|cartoon by Edward Gorey|
When I was little, my uncle gave me storybooks with pictures of kids around the world: a Dutch girl surrounded by tulips and wearing a starched white cap with wings; a Chinese boy with a pigtail who slept on a brick bed heated by coals. They were cliches so bald it's embarrassing to think about, but I loved those books and wanted to be everywhere those children were. More than that, I wanted to be those children, each of them in turn. I think maybe the first real sadness of my life came when I realized that I couldn't.
Later on, I pinned a map to a wall and drew a red line along the routes I had traveled: Europe, the Andes, India and Nepal; for some reason, I didn’t chronicle the U.S. or Canada. Then I realized that all I had seen was what was on either side of that line, and that made me too sad to continue.
One night in the seventies, friends and I, probably stoned, created a travel agency of the mind. We'd offer package deals to tiny countries (Andorra, San Marino, Fiji), or to countries colored green on the globe, or we'd organize terrorism tours to the sites of bombings, kidnappings and assassinations. (Long before 9/11, I used to walk a version of that in Washington on my way to work.) We would call our agency Book in Haste, Repent at Leisure.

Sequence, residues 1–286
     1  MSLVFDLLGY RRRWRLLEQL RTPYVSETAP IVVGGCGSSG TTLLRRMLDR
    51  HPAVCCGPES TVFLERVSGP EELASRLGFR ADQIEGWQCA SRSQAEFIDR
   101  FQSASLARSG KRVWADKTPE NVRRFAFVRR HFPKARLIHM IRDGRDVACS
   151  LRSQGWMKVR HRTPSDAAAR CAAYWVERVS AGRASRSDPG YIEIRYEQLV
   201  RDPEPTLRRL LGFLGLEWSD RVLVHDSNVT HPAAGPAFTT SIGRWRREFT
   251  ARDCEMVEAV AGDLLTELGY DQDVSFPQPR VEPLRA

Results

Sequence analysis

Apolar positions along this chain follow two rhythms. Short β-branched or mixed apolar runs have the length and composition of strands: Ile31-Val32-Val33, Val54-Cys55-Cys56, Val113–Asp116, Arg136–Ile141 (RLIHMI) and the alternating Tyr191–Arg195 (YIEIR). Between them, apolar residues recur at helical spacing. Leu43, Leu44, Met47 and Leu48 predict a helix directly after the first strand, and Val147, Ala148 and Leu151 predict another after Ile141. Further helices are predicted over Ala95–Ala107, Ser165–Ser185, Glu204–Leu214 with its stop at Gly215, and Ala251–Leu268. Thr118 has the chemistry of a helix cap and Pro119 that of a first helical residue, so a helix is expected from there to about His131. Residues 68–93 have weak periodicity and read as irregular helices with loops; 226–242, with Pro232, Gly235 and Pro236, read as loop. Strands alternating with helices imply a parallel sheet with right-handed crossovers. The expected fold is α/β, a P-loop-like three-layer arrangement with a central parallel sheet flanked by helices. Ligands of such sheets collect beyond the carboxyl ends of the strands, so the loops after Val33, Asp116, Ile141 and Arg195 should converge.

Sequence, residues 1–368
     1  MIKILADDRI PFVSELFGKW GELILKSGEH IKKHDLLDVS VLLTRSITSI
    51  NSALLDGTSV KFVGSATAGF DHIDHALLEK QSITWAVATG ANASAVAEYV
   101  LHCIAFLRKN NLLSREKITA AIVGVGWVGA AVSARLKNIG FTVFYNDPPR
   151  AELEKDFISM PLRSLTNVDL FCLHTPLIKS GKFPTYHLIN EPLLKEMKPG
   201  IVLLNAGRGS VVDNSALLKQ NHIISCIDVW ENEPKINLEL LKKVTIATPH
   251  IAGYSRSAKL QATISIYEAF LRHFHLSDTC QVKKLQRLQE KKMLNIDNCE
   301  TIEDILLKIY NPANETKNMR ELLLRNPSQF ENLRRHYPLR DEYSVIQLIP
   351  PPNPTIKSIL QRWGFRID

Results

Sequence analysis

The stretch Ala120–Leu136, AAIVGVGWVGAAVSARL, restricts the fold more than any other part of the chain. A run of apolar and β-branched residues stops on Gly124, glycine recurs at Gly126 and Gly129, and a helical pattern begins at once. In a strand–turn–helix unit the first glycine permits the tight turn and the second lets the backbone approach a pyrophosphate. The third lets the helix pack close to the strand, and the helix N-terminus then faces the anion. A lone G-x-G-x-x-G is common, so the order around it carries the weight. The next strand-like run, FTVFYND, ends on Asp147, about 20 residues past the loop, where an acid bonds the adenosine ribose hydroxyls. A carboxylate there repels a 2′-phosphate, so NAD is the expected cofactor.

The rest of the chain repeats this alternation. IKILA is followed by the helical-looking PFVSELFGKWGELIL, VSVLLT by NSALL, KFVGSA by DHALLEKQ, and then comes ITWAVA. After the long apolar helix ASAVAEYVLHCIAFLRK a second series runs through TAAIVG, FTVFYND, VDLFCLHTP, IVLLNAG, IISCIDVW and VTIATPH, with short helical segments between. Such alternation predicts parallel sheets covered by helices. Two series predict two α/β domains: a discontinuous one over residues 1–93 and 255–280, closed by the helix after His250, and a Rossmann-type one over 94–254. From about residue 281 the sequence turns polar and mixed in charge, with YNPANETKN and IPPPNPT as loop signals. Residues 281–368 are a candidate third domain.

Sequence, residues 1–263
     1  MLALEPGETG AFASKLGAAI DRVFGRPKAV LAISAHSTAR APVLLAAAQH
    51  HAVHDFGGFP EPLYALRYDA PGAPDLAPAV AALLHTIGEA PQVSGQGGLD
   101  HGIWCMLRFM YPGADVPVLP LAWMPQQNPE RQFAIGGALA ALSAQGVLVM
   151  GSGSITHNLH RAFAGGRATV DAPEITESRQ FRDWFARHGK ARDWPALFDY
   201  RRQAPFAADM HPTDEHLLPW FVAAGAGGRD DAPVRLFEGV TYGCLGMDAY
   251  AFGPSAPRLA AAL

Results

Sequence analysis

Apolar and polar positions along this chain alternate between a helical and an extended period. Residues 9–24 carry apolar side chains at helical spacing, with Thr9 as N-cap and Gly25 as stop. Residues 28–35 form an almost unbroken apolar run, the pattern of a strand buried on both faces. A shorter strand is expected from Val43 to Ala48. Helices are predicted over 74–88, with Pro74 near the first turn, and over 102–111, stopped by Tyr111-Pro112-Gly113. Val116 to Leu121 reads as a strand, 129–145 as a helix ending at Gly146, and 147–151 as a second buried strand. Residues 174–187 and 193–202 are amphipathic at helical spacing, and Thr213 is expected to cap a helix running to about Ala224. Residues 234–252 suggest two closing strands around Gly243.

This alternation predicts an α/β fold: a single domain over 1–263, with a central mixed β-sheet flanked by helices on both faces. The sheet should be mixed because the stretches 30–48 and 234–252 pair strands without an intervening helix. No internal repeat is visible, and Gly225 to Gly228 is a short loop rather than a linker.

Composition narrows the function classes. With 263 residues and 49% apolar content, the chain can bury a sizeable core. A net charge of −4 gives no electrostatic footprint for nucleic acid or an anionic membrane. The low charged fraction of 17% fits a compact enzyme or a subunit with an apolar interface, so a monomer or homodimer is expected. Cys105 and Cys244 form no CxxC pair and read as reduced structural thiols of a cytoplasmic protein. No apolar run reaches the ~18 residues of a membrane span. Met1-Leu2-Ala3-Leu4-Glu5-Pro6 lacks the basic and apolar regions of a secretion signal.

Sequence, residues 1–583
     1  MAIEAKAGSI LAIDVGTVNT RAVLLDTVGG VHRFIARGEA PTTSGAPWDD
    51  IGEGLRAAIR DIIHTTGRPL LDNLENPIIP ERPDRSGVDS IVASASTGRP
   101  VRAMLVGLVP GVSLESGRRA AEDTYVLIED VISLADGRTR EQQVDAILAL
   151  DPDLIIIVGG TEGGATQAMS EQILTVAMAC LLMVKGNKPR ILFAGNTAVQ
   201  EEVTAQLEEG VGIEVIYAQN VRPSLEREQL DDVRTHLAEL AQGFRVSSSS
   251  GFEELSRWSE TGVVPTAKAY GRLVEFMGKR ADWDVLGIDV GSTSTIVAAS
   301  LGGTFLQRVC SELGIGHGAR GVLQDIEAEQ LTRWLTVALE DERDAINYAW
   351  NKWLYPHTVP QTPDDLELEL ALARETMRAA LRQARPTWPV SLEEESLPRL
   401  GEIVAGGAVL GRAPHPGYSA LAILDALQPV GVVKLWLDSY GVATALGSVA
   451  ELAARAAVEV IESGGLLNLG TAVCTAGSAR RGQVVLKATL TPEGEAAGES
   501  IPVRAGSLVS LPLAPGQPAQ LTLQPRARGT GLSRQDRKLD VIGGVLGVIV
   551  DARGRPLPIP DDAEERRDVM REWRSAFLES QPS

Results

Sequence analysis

And why not, really? Once you eliminate travel for work or family obligation, you have tourism, and tourists have more pretexts than reasons for choosing one place over another. But once you do choose, the world becomes full of reasons: the tart crunch of the apples the Buddhist monk pulled like a magic trick from his maroon-and- saffron robe when we shared a bus seat on the world's highest highway; the Andean air that's ripe as cheese and thin as gauze (music and smells are most evocative of place and time); the moment the lights come on in Florence's Brancacci Chapel and you see the Masaccios for the first - or tenth - time. I have no words for that.